Pairing Savory Cocktails at Kinjo
Phil Han of Kinjo
Now that summer’s on the horizon, most venues are welcoming the long awaited change of seasons with a new cocktail menu. And while the best of cocktail lists always piques interest, what’s a diner to do when eyeing it alongside a dinner menu? Pairing cocktails with food often yields obstacles like imbalanced flavors, cloying sweetness or uninvited inebriation. However, with every appointed mixologist, comes a host of cocktails that’ve never been imagined before, including alcoholic drinks that pair well with food.
“Cocktails these days are like cooking,” said Phil Han, of Kinjo in Fort Greene, “at Employees Only they wear chef coats because they regard themselves as chefs of the imbibe world.” Donning civilian ware with sleeves of tatts, Phil is no less of a chef than Jeffrey Moon, who works the kitchen at Kinjo.
“I collaborate with Chef a lot,” he added. “I use his ingredients. My [Umami] martini has Shiro Dashi (with shaved dried bonito). When you put it in water, it becomes a soup base. That mixed with daikon pickle makes a cool dirty martini.”
Ninniku Tonic & Lychee Grapefruit Sangria
“When you pair cocktails with food,” he continued, “it’s hard if they’re too citrusy or sweet. Cocktails aren’t a meal, per se, but in order to want to eat food [with them], you need a drying effect, a savory quality.” And at Kinjo, we found just that. Opened just two months ago, at the corner of Greene and Fulton, Kinjo features a menu that’s driven by Japanese fusion (but not by way of the 1990’s fusion fad), a perfect marriage of the Old World and New, both on the plate and in the glass. “I get inspiration from all over,” said Phil, “At Orient Express in the West Village, Sam, my manager, taught me the golden ratio [3:2:1]. If I stick with the ratio, I stay balanced.”
After tending bar at Orient Express, Phil served as Bar Manager of the Pierre Loti wine bars, where he developed a style that he coined “approachable innovation”. Using fresh ingredients to draw the guests in, he then fortified his cocktails with the liqueurs that he knew the drinks needed. “When I started using fresh ingredients, I started to see the potential for food pairings. I cook a lot at home and have cooked at a restaurant, so I know what ingredients go well together…[bartenders] use gastronomy now more than ever. We make juice bubbles out of calcium chloride and sodium alginate. We use foams and smoke and hot irons. Jamie Boudreau is a constant inspiration to me and I think he’s more of a chef than a bartender.”
A couple of weeks ago, we dropped by Kinjo for a Ninniku Tonic, which included Roundhouse Barrel Aged Gin, tonic, lemongrass, garlic and lime, a gift from the gods of savory cocktails. This week, we were the first to sample Phil’s Lychee Grapefruit Sangria, which he launched this past weekend. Made with Pigoudet Rosé, Soho Lychee Liquor, Grapefruit Nigori Sake, Cognac and a fresh mint sprig, it’s a lovely revision of Sangria, with subtle floral notes that compliment the Pigoudet. “I like your dry rosé,” said Phil, “and thought it’d make a good base for a cocktail. Since it’s pink, grapefruit was a natural addition. And then I added an Asian element,” he added and chuckled, “lychee.”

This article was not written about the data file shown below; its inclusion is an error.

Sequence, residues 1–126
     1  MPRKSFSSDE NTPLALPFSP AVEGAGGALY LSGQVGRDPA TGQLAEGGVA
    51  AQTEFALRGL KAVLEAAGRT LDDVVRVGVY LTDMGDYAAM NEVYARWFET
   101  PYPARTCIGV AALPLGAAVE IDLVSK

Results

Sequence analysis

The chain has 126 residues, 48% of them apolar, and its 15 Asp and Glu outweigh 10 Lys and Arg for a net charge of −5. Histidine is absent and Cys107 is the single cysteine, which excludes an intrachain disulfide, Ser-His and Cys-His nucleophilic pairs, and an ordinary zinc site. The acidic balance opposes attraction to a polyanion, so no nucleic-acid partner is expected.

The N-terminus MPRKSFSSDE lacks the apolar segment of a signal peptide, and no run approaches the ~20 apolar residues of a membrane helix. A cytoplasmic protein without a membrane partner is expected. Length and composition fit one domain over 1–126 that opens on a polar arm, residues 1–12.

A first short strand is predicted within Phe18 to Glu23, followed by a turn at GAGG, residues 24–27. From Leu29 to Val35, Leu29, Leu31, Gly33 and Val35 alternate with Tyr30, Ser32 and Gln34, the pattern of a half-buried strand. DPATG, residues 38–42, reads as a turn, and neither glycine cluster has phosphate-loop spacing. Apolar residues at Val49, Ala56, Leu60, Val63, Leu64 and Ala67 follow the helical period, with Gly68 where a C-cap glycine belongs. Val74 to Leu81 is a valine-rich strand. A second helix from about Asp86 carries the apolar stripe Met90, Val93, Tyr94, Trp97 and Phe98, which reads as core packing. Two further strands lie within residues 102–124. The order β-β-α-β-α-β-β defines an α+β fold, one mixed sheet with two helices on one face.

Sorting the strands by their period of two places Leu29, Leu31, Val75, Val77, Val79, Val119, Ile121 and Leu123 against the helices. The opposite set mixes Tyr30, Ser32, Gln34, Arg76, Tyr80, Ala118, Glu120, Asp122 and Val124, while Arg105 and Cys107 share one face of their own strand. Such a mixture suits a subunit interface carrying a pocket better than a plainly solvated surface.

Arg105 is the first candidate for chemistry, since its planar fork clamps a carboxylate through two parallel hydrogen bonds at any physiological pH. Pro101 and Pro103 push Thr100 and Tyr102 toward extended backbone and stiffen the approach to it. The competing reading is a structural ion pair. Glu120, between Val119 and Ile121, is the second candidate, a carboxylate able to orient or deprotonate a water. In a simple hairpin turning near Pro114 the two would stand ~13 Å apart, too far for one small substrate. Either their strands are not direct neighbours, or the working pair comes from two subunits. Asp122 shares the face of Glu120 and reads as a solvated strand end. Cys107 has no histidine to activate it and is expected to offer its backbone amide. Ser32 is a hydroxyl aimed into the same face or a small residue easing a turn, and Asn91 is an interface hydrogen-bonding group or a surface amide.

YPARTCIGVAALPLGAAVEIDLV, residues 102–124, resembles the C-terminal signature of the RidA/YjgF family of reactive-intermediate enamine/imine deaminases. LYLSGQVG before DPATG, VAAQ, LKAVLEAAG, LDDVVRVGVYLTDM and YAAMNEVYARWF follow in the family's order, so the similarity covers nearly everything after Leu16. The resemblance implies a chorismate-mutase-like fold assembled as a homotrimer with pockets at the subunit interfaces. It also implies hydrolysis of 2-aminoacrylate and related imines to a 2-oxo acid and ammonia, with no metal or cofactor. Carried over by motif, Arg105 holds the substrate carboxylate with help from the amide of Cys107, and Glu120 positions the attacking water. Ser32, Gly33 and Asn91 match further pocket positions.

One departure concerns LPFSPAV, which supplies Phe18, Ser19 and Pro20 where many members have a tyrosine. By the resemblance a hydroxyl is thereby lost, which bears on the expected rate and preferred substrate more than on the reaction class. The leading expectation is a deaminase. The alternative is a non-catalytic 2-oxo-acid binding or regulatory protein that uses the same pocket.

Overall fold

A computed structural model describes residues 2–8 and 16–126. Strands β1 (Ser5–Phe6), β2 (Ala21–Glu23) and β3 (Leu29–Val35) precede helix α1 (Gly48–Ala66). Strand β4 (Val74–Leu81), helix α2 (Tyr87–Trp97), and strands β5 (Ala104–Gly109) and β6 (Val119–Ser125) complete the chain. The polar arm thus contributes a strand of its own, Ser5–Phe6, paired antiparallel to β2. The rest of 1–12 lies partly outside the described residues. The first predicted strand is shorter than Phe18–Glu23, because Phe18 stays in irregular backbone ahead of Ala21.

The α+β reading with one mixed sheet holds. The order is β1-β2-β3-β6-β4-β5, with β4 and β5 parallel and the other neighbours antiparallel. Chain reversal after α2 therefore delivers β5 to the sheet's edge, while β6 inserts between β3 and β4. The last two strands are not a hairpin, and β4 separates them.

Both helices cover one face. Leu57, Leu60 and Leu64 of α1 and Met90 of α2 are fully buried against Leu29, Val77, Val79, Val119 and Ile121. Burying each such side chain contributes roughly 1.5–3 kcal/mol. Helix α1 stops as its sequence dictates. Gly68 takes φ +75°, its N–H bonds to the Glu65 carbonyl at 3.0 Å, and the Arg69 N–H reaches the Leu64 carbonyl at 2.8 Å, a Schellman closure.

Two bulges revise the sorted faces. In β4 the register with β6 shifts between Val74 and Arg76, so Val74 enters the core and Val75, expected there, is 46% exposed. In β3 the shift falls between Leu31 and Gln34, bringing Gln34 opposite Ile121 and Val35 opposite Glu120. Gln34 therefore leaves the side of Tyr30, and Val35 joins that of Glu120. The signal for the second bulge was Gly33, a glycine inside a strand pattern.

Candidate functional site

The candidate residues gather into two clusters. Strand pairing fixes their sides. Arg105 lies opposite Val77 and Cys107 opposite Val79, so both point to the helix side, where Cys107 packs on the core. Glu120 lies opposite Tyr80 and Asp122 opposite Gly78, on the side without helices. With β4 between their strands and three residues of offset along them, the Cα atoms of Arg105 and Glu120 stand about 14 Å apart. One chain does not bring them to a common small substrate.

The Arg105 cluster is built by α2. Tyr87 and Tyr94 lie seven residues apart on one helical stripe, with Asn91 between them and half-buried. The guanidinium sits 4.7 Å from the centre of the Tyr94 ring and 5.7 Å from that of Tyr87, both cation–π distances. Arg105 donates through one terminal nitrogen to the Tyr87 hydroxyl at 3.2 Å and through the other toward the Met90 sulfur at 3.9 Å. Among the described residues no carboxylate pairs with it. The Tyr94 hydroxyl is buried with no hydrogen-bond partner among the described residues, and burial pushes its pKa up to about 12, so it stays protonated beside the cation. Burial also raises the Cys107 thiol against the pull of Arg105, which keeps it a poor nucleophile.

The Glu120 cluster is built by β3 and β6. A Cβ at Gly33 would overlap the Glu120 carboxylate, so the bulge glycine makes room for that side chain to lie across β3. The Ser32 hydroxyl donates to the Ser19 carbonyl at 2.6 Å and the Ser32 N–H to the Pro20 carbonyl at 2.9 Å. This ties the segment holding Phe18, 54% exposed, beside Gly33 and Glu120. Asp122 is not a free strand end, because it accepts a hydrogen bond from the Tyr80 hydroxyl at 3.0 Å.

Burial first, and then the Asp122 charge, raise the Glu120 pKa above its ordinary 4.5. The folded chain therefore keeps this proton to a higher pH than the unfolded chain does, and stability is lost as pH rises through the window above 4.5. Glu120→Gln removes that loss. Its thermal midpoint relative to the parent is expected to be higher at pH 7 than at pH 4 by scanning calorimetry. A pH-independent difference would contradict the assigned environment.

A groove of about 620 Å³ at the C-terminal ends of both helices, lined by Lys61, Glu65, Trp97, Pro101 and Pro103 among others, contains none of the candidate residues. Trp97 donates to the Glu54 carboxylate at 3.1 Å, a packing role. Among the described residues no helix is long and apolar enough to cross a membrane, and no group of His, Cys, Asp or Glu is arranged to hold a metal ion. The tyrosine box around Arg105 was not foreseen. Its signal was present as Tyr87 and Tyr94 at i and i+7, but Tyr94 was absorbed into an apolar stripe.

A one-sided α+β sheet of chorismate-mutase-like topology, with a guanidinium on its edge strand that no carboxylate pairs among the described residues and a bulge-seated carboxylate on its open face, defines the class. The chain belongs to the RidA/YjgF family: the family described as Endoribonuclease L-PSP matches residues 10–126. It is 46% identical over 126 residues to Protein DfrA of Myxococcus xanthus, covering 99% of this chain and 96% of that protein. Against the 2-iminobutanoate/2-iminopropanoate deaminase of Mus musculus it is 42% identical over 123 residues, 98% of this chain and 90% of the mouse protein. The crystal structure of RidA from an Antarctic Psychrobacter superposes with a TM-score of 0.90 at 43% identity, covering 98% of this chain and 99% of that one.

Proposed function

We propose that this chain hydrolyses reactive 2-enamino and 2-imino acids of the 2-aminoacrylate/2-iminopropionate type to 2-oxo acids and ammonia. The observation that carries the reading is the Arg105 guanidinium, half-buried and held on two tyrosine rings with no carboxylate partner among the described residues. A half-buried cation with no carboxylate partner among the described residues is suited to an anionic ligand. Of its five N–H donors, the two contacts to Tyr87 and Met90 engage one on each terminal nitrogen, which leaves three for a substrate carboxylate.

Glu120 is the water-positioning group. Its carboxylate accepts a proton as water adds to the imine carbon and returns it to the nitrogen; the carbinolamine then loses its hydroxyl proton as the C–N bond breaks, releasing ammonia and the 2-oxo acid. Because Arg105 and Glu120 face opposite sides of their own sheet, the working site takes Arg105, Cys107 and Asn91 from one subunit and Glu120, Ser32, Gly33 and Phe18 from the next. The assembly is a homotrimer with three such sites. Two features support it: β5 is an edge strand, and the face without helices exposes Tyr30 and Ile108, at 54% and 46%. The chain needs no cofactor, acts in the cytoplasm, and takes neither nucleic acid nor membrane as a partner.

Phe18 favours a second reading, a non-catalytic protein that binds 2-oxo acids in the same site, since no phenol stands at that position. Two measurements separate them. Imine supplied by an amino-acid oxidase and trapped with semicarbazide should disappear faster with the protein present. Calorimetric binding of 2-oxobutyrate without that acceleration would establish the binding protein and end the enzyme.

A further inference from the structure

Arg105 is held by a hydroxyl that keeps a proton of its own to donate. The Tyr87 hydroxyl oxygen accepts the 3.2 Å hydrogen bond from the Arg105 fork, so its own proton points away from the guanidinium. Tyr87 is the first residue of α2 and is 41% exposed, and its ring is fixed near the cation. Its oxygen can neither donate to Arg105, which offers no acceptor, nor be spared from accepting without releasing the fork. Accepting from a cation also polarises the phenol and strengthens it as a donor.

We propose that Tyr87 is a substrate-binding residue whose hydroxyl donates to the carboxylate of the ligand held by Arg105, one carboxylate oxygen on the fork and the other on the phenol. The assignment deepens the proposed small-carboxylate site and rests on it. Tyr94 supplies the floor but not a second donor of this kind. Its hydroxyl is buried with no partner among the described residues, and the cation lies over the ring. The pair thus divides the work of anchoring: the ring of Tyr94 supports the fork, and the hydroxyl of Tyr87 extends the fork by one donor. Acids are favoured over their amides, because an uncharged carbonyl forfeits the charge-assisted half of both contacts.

In speaking to the designs of his cocktails, Phil said, “There’s always an aesthetic value. My dad taught me to eat with my eyes first.” Trained as a French/Japanese chef, Phil’s father worked at Maxim’s de Paris, and it’s from his father that Phil learned to taste. “It was flavor training,” he said of growing up with his dad. “I’d sneak in [to the kitchen] and he’d stop [preparations] until I left the room. He was a jokester, but I saw him do some amazing things. He could taste something and make it. He’d make me taste things and see what I could pick up.” As an homage to his father (pictured above) Phil has continued the craft. From studying design at Pratt, Phil has transitioned to a flavor-inspired career that was largely formed by his childhood.
When he first started seriously tasting sake, Phil said of his start, “I thought there was something wrong with my tastebuds. There were things I couldn’t pick up. I quit smoking, whiskey and everything, but I realized that it wasn’t the whiskey or cigarettes. It was that I didn’t drink enough sake! It’s the same thing with wine…Now, I can appreciate a great vermouth or gin, like your [Roundhouse] Barrel Aged Gin. And the [Roundhouse] Pumpkin Liquor is great,” he added. “It’s like a raw, fresh pumpkin. Everything else tastes cooked or canned.”
Barrel-Aged Shochu White Negroni with Broiled Sea Bass
Aged for two months in the barrel, the Barrel-Aged Shochu White Negroni is made with Axta Vino Vermouth Blanco. “It’s really complex,” he said of the vermouth. “I normally don’t like white vermouth, but I can substitute Lillet or Cochi Vermouth with it.” We found that the cocktail’s citrus/savory notes pair well with Chef’s Skate with Yuzu Caper Brown Butter Sauce, as does the complexity gained with barrel-aging. It also worked really well with the Broiled Sea Bass with Miso Glaze, the citrus being a nice compliment to the tender white flesh of the fish and to the umami notes of the miso.
A couple of generations in the making, Phil’s palate has lent itself to some pretty fresh pairings. We love the plates from Chef’s kitchen, and the many ways that Phil’s creations prep our appetites for the sips and bites that keep on giving. Cheers!